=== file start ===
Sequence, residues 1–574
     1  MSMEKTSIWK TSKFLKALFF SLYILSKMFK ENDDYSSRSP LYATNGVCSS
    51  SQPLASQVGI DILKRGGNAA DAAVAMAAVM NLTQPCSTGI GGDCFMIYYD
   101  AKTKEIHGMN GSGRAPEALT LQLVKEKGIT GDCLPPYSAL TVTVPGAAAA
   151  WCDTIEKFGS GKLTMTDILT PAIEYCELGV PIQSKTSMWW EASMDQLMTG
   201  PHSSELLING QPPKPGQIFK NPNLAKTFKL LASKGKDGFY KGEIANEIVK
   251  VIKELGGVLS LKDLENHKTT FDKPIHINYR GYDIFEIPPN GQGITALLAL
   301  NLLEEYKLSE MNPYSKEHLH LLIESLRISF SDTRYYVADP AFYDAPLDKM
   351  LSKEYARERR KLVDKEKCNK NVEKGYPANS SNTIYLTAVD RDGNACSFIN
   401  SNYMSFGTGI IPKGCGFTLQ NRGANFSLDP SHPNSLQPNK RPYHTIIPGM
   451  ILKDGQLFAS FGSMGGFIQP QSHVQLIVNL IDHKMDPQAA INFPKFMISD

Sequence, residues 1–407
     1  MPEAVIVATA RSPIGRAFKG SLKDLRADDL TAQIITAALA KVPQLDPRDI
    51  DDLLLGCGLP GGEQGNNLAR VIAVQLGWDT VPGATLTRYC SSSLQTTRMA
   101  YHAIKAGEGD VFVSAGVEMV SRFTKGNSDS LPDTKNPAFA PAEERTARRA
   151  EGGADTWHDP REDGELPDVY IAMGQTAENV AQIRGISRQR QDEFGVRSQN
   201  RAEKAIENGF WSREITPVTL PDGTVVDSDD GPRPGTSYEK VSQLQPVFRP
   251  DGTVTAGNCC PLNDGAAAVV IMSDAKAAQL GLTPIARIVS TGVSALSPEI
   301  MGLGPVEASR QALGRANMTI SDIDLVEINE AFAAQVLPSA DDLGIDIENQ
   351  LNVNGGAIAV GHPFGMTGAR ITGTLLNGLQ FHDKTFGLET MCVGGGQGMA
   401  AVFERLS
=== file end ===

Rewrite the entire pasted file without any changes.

Sequence, residues 1–574
     1  MSMEKTSIWK TSKFLKALFF SLYILSKMFK ENDDYSSRSP LYATNGVCSS
    51  SQPLASQVGI DILKRGGNAA DAAVAMAAVM NLTQPCSTGI GGDCFMIYYD
   101  AKTKEIHGMN GSGRAPEALT LQLVKEKGIT GDCLPPYSAL TVTVPGAAAA
   151  WCDTIEKFGS GKLTMTDILT PAIEYCELGV PIQSKTSMWW EASMDQLMTG
   201  PHSSELLING QPPKPGQIFK NPNLAKTFKL LASKGKDGFY KGEIANEIVK
   251  VIKELGGVLS LKDLENHKTT FDKPIHINYR GYDIFEIPPN GQGITALLAL
   301  NLLEEYKLSE MNPYSKEHLH LLIESLRISF SDTRYYVADP AFYDAPLDKM
   351  LSKEYARERR KLVDKEKCNK NVEKGYPANS SNTIYLTAVD RDGNACSFIN
   401  SNYMSFGTGI IPKGCGFTLQ NRGANFSLDP SHPNSLQPNK RPYHTIIPGM
   451  ILKDGQLFAS FGSMGGFIQP QSHVQLIVNL IDHKMDPQAA INFPKFMISD

Sequence, residues 1–407
     1  MPEAVIVATA RSPIGRAFKG SLKDLRADDL TAQIITAALA KVPQLDPRDI
    51  DDLLLGCGLP GGEQGNNLAR VIAVQLGWDT VPGATLTRYC SSSLQTTRMA
   101  YHAIKAGEGD VFVSAGVEMV SRFTKGNSDS LPDTKNPAFA PAEERTARRA
   151  EGGADTWHDP REDGELPDVY IAMGQTAENV AQIRGISRQR QDEFGVRSQN
   201  RAEKAIENGF WSREITPVTL PDGTVVDSDD GPRPGTSYEK VSQLQPVFRP
   251  DGTVTAGNCC PLNDGAAAVV IMSDAKAAQL GLTPIARIVS TGVSALSPEI
   301  MGLGPVEASR QALGRANMTI SDIDLVEINE AFAAQVLPSA DDLGIDIENQ
   351  LNVNGGAIAV GHPFGMTGAR ITGTLLNGLQ FHDKTFGLET MCVGGGQGMA
   401  AVFERLS